Art, Movies, Lit, Theater

Bottle Rocket Gallery Brings Controversial Art To NWA

Posted by tbaker |

  BottleRocketGallery2By Terrah Baker

Local artists Kat Wilson and Sarah Leflar were inspired by the small studio that stands in front of Leflar’s home on the outskirts of Fayetteville. Quaint and well-lit, with historical significance, they saw the studio hosting controversial traveling and local artists that could not be seen anywhere else in Northwest Arkansas.

“We have many friends who create beautiful art that we love, but we’re not asking them to show here because there are other places they can show. The kind of work they do, people have seen a lot of,” Leflar said. “We’re really looking for work that uses new media, that addresses political and social issues, controversy, and is antagonistic in someway.”

They’re calling the studio located at 1495 Finger Rd. in Fayetteville, Bottle Rocket Gallery. They have three artists lined up for the coming year, all of which touch on issues that make people think about and question the world around them.

This mission falls in line with the historical significance of the gallery itself and the craftsmen who created it. It was built and designed by Ozark craftsman Robert Runyan on the grounds of Gayeta Lodge, a home built and occupied by Arkansas writer Charles Joseph BottleRocketGalleryFinger in the early part of the 20th century. During his lifetime, Finger put great effort into bringing interesting intellectuals and artists from outside the area, to meet and talk with local residents.

The artists invited to Bottle Rocket Gallery will also get a chance to talk to the public at the University of Arkansas and during the opening show, which Wilson and Leflar want to stress as one of the most important parts to each of their installations. The exhibits will stay up for several weeks after, and available for viewing by appointment.

“We want to have a big, fun party with music and lots of people coming into see the art. Often, art openings can be kind of uneventful, but our focus is going to be on a lot of people coming and it being tremendous fun. People will be able to talk to the artist, and just show the artist his or her audience in Fayetteville,” Leflar said.

The first show is scheduled to open on Sept. 20. Entitled Makeshift Theatre, it features award-winning photographer Logan Rollins, whose work explores issues of homosexual identity and queer art — a form of art growing in popularity throughout the country. Makeshift Theatre, he said, “begins with the mantra ‘so bad it’s good,’ and examines the relationship between camp and homosexual identity.” Wilson and Leflar said his deliberate and imaginative anti-aesthetic results in images are profound, and ultimately beautiful in their complexity and depth.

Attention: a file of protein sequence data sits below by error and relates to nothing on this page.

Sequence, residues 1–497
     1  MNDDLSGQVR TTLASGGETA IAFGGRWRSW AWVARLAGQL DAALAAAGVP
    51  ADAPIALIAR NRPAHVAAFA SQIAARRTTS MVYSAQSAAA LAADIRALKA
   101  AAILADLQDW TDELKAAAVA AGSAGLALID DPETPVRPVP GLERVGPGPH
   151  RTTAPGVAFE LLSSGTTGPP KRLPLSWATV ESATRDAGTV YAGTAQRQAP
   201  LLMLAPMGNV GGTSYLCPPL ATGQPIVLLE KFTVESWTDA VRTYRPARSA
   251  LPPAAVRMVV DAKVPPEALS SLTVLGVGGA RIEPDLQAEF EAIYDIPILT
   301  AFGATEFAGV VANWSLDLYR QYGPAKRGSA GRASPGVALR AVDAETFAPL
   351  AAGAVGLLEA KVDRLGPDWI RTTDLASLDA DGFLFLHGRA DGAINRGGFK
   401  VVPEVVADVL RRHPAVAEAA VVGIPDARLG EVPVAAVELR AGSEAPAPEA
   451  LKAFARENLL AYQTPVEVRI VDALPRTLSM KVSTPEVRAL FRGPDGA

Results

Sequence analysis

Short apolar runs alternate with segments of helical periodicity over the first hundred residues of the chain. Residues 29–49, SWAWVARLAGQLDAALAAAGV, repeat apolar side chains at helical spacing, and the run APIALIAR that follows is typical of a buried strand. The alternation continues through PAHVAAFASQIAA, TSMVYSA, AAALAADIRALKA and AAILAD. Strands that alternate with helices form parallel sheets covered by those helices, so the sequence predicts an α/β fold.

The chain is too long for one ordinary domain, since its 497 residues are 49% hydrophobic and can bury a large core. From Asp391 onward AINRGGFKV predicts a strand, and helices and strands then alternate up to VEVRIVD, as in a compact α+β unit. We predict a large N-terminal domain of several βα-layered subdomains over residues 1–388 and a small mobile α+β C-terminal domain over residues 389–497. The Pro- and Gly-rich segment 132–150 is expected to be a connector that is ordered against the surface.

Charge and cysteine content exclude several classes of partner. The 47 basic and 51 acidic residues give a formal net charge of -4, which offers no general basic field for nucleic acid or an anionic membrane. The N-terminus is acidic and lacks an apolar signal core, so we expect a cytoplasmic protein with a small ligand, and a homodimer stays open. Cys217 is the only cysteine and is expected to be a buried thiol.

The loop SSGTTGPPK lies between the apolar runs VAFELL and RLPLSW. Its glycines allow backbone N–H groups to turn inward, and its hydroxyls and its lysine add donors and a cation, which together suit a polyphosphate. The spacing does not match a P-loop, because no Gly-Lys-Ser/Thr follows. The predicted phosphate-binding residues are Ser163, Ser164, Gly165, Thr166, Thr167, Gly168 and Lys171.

Rollins will be present at the opening and will give a talk at the UofA Department of Fine Arts during his stay. The party to celebrate his installation at the Bottle Rocket Gallery will begin on Sept. 20 at 7 p.m., and all are welcome to attend.

“We want people to know when they hear about these parties, they are invited,” Leflar said.

BottleRocket Gallery IndexThe two plan on raising funds for the traveling artists through Kickstarter since many of the young artists they’re bringing are coming out of the normal art circuit to bring their work to the NWA public. Through the help of their kickstarter program (kck.st/1fMLznV) they hope to provide each invited artist with a travel and installation stipend, as well as a chance to sell their pieces.With this knowledge, Wilson and Leflar said the artists they’ve contacted are extremely excited to visit.

“A lot of young artists are moving from city to city. We’re not quite on that path, so it seemed to us like it would be a good idea to help them out to get here. It’s made people really happy to be able to come,” Leflar said.

Future exhibits will include a Russian-born artist whose family suffered during the Chernobyl nuclear disaster focusing on nuclear power, and an African-American artist who focuses on race-related topics and issues.

To learn more about Bottle Rocket Gallery, to keep informed on their upcoming exhibits and to contact them, visit their Facebook at www.facebook.com/bottlerocketartgallery or contact Wilson and Leflar at bottlerocketgallery@gmail.com.

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